Philip relied on skillful civil servants, such as Guillaume de Nogaret and Enguerrand de Marigny, to govern the kingdom rather than on his nobles. Philip and his advisors were instrumental in the transformation of France from a feudal country to a centralized state. Philip, who sought an uncontested monarchy, compelled his vassals by wars and restricted feudal usages. His ambitions made him highly influential in European affairs. His goal was to place his relatives on foreign thrones. Princes from his house ruled in Naples and Hungary. He tried and failed to make another relative the Holy Roman Emperor. He began the long advance of France eastward by taking control of scattered fiefs.
The most notable conflicts of Philip's reign include a dispute with Edward I of England, who was also his vassal due to the English king owning lands in southwestern France, and a war with the County of Flanders, another vassal, which gained temporary autonomy following Philip’s defeat at the Battle of the Golden Spurs (1302). In 1306, Philip the Fair expelled the Jews from France and, in 1307, he annihilated the order of the Knights Templar. Philip was in debt to both groups and saw them as a "state within the state". To further strengthen the monarchy, he tried to control the French clergy and entered into conflict with Pope Boniface VIII. This conflict led to the transfer of the papal court to the enclave of Avignon in 1309.
His final year saw a scandal amongst the royal family, known as the Tour de Nesle affair, during which the three daughters-in-law of Philip were accused of adultery. His three sons were successively kings of France, Louis X, Philip V, and Charles IV. Their deaths without surviving sons of their own would compromise the future of the French royal house, which until then seemed secure, precipitating a succession crisis that would eventually lead to the Hundred Years' War (1337–1453).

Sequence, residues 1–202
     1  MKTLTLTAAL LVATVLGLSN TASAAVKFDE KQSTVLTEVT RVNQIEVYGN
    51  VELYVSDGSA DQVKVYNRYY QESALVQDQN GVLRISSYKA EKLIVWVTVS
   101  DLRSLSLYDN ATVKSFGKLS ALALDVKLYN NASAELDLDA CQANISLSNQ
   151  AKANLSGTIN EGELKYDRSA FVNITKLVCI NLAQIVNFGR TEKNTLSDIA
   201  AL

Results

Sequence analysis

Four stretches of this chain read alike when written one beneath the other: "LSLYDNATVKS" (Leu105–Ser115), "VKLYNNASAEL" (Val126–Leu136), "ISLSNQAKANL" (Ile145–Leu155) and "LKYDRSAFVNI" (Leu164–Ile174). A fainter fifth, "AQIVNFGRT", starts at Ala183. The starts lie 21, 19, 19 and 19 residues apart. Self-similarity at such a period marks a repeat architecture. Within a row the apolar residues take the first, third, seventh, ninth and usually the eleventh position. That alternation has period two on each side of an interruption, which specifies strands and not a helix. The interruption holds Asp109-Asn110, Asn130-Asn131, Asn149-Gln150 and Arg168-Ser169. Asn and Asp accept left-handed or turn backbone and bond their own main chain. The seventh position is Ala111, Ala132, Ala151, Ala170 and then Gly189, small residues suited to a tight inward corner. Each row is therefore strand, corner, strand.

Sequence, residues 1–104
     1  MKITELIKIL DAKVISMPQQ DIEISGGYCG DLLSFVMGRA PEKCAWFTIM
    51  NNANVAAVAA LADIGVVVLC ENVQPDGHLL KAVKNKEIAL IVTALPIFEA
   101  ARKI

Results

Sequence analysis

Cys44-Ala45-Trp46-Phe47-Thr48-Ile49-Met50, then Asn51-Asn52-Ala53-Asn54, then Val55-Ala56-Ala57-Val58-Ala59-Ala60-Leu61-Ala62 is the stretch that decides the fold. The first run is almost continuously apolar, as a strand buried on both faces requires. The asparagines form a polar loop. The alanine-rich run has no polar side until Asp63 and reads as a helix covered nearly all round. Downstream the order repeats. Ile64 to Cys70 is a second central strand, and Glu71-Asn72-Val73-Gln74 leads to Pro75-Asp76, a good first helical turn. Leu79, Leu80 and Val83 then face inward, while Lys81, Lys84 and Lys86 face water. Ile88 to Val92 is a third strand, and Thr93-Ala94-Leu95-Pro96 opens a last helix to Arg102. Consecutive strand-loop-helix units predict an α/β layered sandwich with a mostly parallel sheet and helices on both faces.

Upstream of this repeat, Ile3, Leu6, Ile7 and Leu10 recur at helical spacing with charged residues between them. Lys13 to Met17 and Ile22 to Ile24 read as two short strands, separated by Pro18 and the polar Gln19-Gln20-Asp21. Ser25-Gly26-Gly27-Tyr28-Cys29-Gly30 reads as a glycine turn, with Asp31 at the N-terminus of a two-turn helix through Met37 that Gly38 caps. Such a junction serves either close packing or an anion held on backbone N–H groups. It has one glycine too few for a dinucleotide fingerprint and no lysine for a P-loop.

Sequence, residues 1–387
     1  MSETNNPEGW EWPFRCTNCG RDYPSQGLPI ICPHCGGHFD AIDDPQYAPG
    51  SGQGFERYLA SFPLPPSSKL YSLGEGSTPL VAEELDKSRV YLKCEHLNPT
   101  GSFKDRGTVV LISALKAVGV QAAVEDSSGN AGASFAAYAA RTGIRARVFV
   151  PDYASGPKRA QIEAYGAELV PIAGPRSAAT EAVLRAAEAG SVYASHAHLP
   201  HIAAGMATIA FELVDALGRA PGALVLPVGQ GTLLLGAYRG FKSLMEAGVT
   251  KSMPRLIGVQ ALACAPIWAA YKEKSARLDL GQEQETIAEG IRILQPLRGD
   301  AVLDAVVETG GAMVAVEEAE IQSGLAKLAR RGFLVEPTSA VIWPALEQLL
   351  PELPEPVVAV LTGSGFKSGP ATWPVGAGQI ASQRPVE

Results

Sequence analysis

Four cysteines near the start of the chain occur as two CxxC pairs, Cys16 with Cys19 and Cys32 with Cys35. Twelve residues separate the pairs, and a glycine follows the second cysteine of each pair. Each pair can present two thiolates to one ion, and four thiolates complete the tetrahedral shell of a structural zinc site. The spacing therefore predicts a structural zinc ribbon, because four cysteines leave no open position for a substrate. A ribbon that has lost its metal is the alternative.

A member of the House of Capet, Philip was born in the medieval fortress of Fontainebleau (Seine-et-Marne) to the future Philip III, the Bold, and his first wife, Isabella of Aragon. He was the second of four sons born to the couple. His father was the heir apparent of France at that time, being the eldest son of King Louis IX (better known as St. Louis).
In August 1270, when Philip was two years old, his grandfather died while on Crusade, his father became king, and his elder brother Louis became heir apparent. Only five months later, in January 1271, Philip's mother died after falling from a horse; she was pregnant with her fifth child at the time and had not yet been crowned queen beside her husband. A few months later, one of Philip's younger brothers, Robert, also died. Philip's father was finally crowned king at Rhiems on 15 August 1271. Six days later, he married again; Philip's step-mother was Marie, daughter of the duke of Brabant.